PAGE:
2013 House Complete!

Habitat for Humanity's first solar house completed in Oakland

October 3, 2013
By Matt Hongoltz-Hetling

OAKLAND — After years of planning and 15 months of construction, New England’s first solar-powered Habitat for Humanity house will be opened to the public Sunday.

The beige ranch house, the fourth built in the area by Habitat since 2002, was built with a mixture of goodwill and hard labor from donors and volunteers.

Mike Grant, a member of the Waterville area Habitat for Humanity chapter’s board of directors, said Sunday’s open house, scheduled for 1 to 3 p.m., is being held to thank the nearly 100 volunteers and 50 companies that came together to provide the resources needed for the building.

“We look at it as a community development project because we’ve brought together all these people and organizations, and together we’ve provided a focal point for them to help this family.”

The home looks like any other new house except for a double-row of 16 photovoltaic panels mounted on the roof, which face south to gather the most light.

Grant said the volunteer workforce was able to use the panels over the past few months to power their saws and other tools on the worksite.

“We were glad to get out of the gas-powered generator business,” Grant said. “It was noisy and smelly.”

The panels, and a solar hot water system, will provide about 50 percent of the energy needed to heat water and 90 percent of the home’s electricity needs. 


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2013 Maine Innkeepers Fundraiser

Freeport, ME – July 9, 2013 – The 10th annual Hospitality for Habitat fundraiser sponsored by the Maine Innkeepers Association (MEIA) raised $15,284 for Habitat for Humanity announced Greg Dugal, MEIA Executive Director.  100% of the funds raised for Habitat for Humanity will be divided among the organizations’ chapters across the state to help build homes regionally for Maine families. 

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Women Build Day 2013 Photo

Women Build DayPicture from May 5th Morning Sentinel

Tina Cook, far left, Khristina Thayer, left center, Kelsey Atwood, right center and Alice Stinson measure vinyl siding during the Lowe's Women Build Day at the Habitat for Humanity house on Jaques Lane in Oakland on Saturday. About 30 women volunteered their skills and sweat for the day, making up nearly 75 percent of the workforce at the job site.

Solar Article

Solar-powered Oakland home marks fourth local Habitat for Humanity dwelling

April 13, 2013
By Matt Hongoltz-Hetling
MaineToday Media

OAKLAND — New England's first solar-powered Habitat for Humanity home will be completed in Oakland this season.

It will be the fourth home built since 2001 by the Waterville area chapter of Habitat for Humanity, an organization that leverages donations and connections to build homes for those who wouldn't qualify for a traditional mortgage.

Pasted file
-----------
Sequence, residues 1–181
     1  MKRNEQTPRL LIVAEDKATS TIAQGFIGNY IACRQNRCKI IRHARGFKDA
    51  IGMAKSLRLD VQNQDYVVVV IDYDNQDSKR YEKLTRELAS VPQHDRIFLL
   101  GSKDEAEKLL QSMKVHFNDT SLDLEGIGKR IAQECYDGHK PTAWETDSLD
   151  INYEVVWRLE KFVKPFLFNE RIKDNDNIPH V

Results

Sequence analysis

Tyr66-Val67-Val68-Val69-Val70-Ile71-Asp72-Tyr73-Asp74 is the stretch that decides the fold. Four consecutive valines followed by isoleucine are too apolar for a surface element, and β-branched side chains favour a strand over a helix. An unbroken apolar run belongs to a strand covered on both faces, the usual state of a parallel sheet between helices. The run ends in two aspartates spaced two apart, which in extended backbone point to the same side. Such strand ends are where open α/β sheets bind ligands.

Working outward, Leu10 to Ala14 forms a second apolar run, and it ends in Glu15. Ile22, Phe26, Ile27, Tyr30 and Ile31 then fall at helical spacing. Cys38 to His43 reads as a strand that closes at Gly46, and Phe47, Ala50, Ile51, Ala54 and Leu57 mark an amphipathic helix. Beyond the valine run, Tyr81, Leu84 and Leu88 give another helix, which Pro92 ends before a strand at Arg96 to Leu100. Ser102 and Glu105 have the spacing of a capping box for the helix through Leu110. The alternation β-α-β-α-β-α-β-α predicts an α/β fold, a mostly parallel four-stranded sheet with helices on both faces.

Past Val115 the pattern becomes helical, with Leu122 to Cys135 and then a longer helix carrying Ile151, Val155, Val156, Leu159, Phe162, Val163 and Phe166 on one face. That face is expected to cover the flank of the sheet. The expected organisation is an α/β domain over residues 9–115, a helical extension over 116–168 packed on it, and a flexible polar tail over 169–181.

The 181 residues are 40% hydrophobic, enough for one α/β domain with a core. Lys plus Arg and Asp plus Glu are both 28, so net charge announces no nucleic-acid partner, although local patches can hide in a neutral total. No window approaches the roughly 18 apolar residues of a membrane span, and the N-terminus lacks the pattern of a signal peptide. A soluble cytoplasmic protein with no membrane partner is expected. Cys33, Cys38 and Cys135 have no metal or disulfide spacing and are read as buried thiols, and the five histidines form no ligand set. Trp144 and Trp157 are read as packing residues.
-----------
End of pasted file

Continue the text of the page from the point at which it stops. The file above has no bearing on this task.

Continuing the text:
Chapter president Mike Grant, 62, said the organization "kind of hit a sweet spot" by taking advantage of state and federal tax credits that made it financially possible to install photovoltaic panels and a solar-powered hot water system.

The solar energy systems will provide 80 percent of the energy needed to heat water and 90 percent of the electricity needs of the home, and are expected to pay for themselves in five years, Grant said.

The cost of the systems is about 15 percent of the $80,000 total value of the home, he said.

The average homeowner, he said, probably would pay more for the system, because habitat was able to make use of free labor and discounted rates.

He said the purpose was to bring down the ongoing energy costs for the homeowner, who assumes a long-term mortgage for the home.

In addition to the active solar features, the house also has been designed and positioned to take advantage of the sun's warmth, a passive solar feature that will help to reduce the propane-fueled heating costs.

"Heating is a large part of every household's budget in this part of the world," Grant said.

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Women Build Day 2013

Solar-powered Oakland home marks fourth local Habitat for Humanity dwelling

May 2 2013
By Matt Hongoltz-Hetling
MaineToday Media

OAKLAND -- On Saturday morning, a crew of women will work on New England's first solar-powered Habitat for Humanity house.

Dave Cross, executive director for the Waterville-area chapter of Habitat for Humanity, said he expects to participate in Women Build Day, part of a Habitat effort to encourage women volunteership in the program.

The volunteers will be installing vinyl siding and painting the interior of the house, which is located on Jacques Lane.

"We are looking forward to National Women Build Week and the opportunity to engage more women in our work," Cross said. "We are very pleased with the crew of volunteer women of all construction levels that will join us on the build site."

The event is one of more than 300 similar events happening in Habitat for Humanity chapters across the country between May 4-12, as part of National Women Build Week.

The Waterville event received $5,000 in funding from Lowe's, which also hosted a training session for volunteers Tuesday in its Augusta location.

The money will go toward the purchase of Lowe's building materials for future projects.

This is the fourth house the Waterville chapter has built since it was founded in 2001. When completed, it will become the home of Joni Sprague, a 31-year-old single mother who currently shares a bedroom with her twin 3-year-old girls in her Waterville apartment.

Sprague applied for the residence because she wouldn't qualify for traditional home financing.